The TR6 is not a car that one would I generally think of as a base for a custom-bodied special. TVR, in England, did use TR6 mechanical components in some of their coupe models in the early ’70s and Hathaway, a California-based kit car company, did a handsome pre-war Fraser-Nash-like body to fit to the powerful underpinnings, but these are also few and far between. Today the TR6 is valuable enough in stock form to discourage any future fiddling as well.
This awesome flying saucer of a roadster was concocted in Southern California in the late ’60s by Peter Brock. Yes, this is the same Pete Brock that started as a designer with GM in the late ’50s, and worked with Shelby American in the early ’60s developing logos and advertising materials. He eventually penned the muscular looking Cobra Daytona coupe, and is best known for his own firm BRE (Brock Racing Enterprises) that dominated a number of SCCA classes in the ’70s with Datsun 2000 roadster, 510 Sedan and 240Z racers.
Developed in conjunction with the U.S. Triumph racing team director, Kas Kastner, just prior to Brock’s Datsun days, this car was to be a test bed for design ideas and a centerpiece for the Triumph racing effort. Mechanically, the car was similar to the stock-bodied racers Kastner was running and featured a hot cam, custom headers, Weber carburetion, and significantly uprated suspension.
It’s hard to believe that this aerodynamic body was built in the final days of the ’60s. There were styling elements that would appear on Corvettes, Triumphs and even Porsches over a decade later. The light weight alloy-bodied car featured plastic-covered rectangular headlamps and a “pop-up” spoiler just ahead of the rear panel that would raise into position at speed. From the front, with its sloping, rounded windscreen and gaping mouth grille the car looks like a cross between the latest Celicas and one of “Big Daddy” Ed Roth’s ’60s show rods.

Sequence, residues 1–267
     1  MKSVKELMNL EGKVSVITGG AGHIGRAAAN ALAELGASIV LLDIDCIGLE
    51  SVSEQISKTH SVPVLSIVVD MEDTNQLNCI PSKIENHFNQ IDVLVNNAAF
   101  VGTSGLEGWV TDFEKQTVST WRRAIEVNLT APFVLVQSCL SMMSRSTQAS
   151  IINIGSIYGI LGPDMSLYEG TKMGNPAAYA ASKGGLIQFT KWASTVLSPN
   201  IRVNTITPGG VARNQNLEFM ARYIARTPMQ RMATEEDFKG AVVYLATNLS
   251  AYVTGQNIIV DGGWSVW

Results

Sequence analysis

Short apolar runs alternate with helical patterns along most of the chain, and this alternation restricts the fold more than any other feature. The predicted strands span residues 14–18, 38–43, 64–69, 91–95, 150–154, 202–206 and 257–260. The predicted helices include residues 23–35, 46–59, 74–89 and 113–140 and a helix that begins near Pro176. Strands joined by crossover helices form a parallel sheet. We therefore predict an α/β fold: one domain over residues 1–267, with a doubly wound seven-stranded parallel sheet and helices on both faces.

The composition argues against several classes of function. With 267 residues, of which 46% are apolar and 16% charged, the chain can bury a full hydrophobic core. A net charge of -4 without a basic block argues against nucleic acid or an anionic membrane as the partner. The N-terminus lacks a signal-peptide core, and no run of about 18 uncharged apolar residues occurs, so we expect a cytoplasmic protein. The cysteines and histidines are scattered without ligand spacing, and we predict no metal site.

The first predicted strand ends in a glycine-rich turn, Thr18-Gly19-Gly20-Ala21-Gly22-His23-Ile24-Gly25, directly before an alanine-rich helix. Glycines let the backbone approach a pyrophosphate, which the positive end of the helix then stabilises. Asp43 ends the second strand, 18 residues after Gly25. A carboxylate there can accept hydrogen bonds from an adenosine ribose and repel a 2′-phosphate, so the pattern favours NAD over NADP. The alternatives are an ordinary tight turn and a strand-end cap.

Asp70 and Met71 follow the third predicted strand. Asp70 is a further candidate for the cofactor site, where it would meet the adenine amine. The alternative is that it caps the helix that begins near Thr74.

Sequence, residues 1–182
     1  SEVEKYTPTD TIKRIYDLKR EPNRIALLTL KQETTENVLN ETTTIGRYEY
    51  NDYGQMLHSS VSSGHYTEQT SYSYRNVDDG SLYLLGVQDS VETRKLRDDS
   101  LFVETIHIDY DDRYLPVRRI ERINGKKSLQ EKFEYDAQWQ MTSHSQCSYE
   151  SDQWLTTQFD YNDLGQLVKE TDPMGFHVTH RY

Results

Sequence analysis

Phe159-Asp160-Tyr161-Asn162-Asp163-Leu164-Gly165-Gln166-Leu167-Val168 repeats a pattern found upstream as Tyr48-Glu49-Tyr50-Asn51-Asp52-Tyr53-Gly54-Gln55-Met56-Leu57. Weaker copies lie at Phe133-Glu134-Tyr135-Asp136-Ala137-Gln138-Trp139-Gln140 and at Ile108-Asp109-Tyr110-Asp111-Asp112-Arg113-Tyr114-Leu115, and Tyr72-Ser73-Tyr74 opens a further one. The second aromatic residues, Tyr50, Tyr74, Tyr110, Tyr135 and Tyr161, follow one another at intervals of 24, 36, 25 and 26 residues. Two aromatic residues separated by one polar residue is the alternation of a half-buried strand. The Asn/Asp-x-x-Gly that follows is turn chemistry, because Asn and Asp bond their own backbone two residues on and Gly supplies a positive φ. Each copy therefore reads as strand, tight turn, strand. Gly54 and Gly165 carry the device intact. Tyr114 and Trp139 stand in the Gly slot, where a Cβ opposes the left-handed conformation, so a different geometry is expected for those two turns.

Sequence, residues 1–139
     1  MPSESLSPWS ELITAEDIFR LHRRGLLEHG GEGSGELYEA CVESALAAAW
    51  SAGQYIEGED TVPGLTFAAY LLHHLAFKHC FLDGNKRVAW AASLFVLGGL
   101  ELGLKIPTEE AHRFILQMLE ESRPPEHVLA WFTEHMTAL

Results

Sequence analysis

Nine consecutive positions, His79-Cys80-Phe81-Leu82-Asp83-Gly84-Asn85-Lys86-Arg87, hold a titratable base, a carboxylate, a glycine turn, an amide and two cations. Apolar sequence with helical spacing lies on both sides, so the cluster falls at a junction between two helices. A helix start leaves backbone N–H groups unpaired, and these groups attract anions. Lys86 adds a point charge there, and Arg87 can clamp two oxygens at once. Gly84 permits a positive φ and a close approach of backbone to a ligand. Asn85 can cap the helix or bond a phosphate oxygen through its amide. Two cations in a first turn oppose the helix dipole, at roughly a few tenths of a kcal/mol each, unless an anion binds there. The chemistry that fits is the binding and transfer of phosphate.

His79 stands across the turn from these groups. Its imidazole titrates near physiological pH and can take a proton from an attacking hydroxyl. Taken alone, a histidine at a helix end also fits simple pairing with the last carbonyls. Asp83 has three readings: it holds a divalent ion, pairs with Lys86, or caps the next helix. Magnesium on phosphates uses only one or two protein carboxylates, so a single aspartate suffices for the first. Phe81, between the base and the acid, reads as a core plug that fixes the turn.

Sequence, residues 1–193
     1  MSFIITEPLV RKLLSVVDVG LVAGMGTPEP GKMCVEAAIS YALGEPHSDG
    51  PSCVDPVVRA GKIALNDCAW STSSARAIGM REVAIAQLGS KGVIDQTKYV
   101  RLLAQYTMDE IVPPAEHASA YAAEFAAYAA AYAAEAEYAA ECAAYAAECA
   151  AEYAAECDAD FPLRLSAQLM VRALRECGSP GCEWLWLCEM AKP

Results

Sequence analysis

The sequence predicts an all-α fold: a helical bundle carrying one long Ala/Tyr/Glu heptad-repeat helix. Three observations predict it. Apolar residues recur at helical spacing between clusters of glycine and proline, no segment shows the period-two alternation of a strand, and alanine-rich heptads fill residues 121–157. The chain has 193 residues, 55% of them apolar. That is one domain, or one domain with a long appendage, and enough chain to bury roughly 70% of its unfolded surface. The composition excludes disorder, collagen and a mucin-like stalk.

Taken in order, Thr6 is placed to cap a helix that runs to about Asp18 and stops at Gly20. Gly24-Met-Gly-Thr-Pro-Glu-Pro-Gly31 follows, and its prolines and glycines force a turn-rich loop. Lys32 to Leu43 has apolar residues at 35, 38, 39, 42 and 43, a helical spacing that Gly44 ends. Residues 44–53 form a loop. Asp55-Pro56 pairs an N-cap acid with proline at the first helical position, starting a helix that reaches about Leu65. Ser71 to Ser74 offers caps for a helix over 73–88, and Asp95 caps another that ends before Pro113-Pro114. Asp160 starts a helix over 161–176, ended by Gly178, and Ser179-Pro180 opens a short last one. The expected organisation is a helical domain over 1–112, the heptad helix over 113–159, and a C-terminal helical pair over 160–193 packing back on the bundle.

The car only raced once in a twelve hour enduro at Sebring. While starting out well. Brock was forced to retire it from the race because of minor mechanical problems combined with a lack of sufficient crew and spares. Triumph factory people felt that there was little chance that anything resembling the Brock car would ever be manufactured and its unusual body had little product identity value, so support for the project was withdrawn.
The Brock roadster eventually was sold off to the public. It was owned, for awhile, by a Los Angeles businessman who tamed the car a bit and used the topless beauty for occasional high speed jaunts on the back roads. Later, passing from owner to owner on the auction circuit, the unusual racer ended up in a private collection In Burlingame, just south of San Francisco. Though the car won’t be seen on the street, one might someday get a glimpse of it at some future vintage racing event.
Pete Brock left the automotive arena over a decade ago to concentrate on other projects in the hang gliding and sports wear fields but it is said that he might be returning any day now. If he does, it will be interesting to see what he comes up with now that the rest of the world has caught up with him.
By Rick Felbusch